Knife commands to treat the Chef server like a filesystem
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Knife Essentials


knife-essentials provides a number of useful knife commands that allow you to manipulate Chef using a common set of verbs that work on everything that is stored in the Chef server.

knife diff cookbooks/*apache*
knife download roles data_bags cookbooks/emacs
knife list data_bags/users
knife show roles/*base*

The plugin is in early days: more verbs will be added as time goes by, including edit, delete, upload and download.


  • Unified commands that work on everything

knife-essentials thinks verbs come first. There are only a few things you need to do with pretty much everything in the system: you upload them, download them, look at them, edit them, list them, diff them, and delete then.

knife-essentials provides a number of verb commands: +knife diff roles+ and +knife list roles+ among them. These commands work on all types of objects, as well. You can type +knife diff roles+, or +knife diff data_bags/users/jkeiser.json+.

  • Treat the Chef server is like your filesystem

knife-essentials treats the Chef server like a mirror of a Chef repository. Most of the stuff you do with the Chef Server is based on your local repository–a set of files in directories like roles, data_bags, cookbooks, etc. The Chef Server has objects that match them–in fact, you can upload and download the files on your filesystem to change the file server.

This makes learning the knife commands easy, and makes important commands like diff, upload and download extremely simple to do and easy to understand.

  • Take context into account

When you're in the roles directory, the system knows that's what you are working with. Just type +knife show base.json+ and it will show you the base role from the server. knife-essentials knows.


This plugin builds a Ruby Gem (but has not yet been released to RubyGems). To install it, run:

rake install


chef_fs installs a number of useful knife verbs, including:

knife diff [pattern1 pattern2 ...]
knife download [pattern1 pattern2 ...]
knife list [pattern1 pattern2 ...]
knife show [pattern2 pattern2 ...]

These commands will list data on the server, exactly mirroring the data in a local Chef repository. So if you type +knife diff data_bags/*s+, it will diff all data bags that end with s.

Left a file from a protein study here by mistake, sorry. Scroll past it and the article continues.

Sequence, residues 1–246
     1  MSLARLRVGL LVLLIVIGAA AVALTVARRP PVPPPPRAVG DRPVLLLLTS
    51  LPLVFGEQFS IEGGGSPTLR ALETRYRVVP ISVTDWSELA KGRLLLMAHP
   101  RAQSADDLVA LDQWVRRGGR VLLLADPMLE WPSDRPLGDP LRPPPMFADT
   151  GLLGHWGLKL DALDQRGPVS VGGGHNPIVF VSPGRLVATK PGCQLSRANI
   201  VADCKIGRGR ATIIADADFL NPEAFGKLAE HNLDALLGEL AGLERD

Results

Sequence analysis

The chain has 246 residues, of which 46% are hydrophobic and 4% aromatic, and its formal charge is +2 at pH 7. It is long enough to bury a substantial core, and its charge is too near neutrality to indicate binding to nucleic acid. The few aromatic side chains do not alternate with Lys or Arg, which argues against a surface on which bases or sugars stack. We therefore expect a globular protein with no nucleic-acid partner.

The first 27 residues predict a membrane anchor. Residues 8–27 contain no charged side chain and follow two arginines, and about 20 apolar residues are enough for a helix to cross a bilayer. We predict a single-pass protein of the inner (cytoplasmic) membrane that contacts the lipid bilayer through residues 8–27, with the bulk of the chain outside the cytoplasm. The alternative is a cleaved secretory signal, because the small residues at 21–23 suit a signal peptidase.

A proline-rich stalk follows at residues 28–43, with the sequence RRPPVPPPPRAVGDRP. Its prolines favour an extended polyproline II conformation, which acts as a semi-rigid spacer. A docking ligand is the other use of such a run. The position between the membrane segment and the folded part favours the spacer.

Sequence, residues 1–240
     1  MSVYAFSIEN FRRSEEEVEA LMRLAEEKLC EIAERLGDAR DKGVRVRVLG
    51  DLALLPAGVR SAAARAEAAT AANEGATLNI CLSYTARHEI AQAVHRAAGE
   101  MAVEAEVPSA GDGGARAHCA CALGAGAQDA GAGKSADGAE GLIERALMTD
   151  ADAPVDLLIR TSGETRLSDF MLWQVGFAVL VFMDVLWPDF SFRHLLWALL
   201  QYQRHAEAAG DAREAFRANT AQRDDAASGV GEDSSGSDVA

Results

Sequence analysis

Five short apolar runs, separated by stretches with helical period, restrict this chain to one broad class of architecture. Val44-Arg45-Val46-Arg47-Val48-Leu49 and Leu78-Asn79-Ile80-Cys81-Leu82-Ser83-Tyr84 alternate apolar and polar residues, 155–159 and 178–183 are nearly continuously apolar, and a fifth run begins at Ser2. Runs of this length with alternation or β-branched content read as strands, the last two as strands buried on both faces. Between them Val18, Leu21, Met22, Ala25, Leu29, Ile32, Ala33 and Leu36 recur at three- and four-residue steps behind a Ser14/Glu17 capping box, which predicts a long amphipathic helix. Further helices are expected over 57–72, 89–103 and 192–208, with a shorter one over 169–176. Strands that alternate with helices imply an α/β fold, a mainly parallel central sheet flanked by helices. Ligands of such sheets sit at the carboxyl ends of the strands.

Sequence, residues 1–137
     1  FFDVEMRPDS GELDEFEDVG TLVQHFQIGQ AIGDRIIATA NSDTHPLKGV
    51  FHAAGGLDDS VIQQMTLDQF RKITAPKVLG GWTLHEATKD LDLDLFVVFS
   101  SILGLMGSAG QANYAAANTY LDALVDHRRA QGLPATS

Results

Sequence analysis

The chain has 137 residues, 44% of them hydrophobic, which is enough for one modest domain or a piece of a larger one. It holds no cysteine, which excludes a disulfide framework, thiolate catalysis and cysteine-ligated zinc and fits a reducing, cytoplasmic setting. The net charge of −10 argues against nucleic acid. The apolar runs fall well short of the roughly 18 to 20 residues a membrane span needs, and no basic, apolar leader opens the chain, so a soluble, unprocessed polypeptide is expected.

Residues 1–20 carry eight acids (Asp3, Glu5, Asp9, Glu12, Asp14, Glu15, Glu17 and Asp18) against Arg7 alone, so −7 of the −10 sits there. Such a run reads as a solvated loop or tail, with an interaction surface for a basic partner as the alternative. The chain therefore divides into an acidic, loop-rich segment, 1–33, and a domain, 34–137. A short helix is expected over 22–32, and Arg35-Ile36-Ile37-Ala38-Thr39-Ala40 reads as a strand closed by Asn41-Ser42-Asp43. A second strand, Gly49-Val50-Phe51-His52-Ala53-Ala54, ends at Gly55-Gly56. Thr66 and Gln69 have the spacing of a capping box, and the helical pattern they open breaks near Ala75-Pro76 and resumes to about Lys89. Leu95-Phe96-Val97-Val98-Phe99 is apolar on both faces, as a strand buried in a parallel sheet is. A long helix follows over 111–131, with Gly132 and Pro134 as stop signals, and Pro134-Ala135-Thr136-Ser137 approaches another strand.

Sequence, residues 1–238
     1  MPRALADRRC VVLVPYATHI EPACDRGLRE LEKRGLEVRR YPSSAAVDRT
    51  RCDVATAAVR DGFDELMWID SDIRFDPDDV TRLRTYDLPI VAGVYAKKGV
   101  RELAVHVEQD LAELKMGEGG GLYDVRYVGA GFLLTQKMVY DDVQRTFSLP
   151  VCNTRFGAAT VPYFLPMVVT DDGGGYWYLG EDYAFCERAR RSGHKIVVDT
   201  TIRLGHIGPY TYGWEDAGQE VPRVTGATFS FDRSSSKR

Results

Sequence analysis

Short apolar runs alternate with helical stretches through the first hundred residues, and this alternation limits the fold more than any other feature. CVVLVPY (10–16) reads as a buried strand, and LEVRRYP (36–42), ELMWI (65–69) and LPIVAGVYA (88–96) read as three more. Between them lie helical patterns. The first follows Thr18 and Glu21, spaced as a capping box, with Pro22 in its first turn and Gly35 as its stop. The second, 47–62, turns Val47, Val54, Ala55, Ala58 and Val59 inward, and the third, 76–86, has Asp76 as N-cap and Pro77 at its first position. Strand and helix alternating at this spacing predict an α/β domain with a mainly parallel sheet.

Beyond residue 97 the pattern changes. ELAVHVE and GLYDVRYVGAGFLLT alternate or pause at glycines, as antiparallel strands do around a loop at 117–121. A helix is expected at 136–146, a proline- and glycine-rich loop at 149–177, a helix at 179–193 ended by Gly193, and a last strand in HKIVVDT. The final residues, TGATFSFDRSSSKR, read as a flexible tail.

The commands are also context-sensitive. If you are in the +roles+ directory and type +knife show base+, you will get the current Chef server contents of all roles that contain the word base in them.

The Knife commands generally run off file patterns (globs you can type on the command line). Patterns can include *, ?, ** and character matchers like [a-z045].


To run the knife plugin functionality, install a version of Chef > 0.10.10:

gem install chef

knife diff

knife diff [pattern1 pattern2 ...]

Diffs objects on the server against files in the local repository. Output is similar to +git diff+.

knife download

knife download [pattern1 pattern2 ...]

Downloads objects from the server to your local repository. Pass –purge to delete local files and directories which do not exist on the server.

knife list

knife list [pattern1 pattern2 ...]

Works just like 'ls', except it lists files on the server.

knife show

knife show [pattern1 pattern2 ...]

Works just like +knife node show+, +knife role show+, etc. except there is One Verb To Rule Them All.


knife-essentials supports wildcards internally, and will use them to sift through objects on the server. This can be very useful. However, since it uses the same wildcard characters as the Unix command line (+*+, +?+, etc.), you need to backslash them so that the +*+ actually reaches the server. If you don't, the shell will expand the * into actual filenames and knife will never know you typed +*+ in the first place. For example, if the Chef server has data bags aardvarks, anagrams and arp_tables, but your local filesystem only has aardvarks and anagrams, backslashing vs. not backslashing will yield slightly different results:

# This actually asks the server for everything starting with a
$ knife list data_bags/a\*
aardvarks/ anagrams/ arp_tables/
# But this ...
$ knife list data_bags/a*
aardvarks/ anagrams/
# Is actually expanded by the command line to this:
$ knife list data_bags/aardvarks data_bags/aardvarks
aardvarks/ anagrams/

You can avoid this problem permanently in zsh with this alias:

alias knife="noglob knife"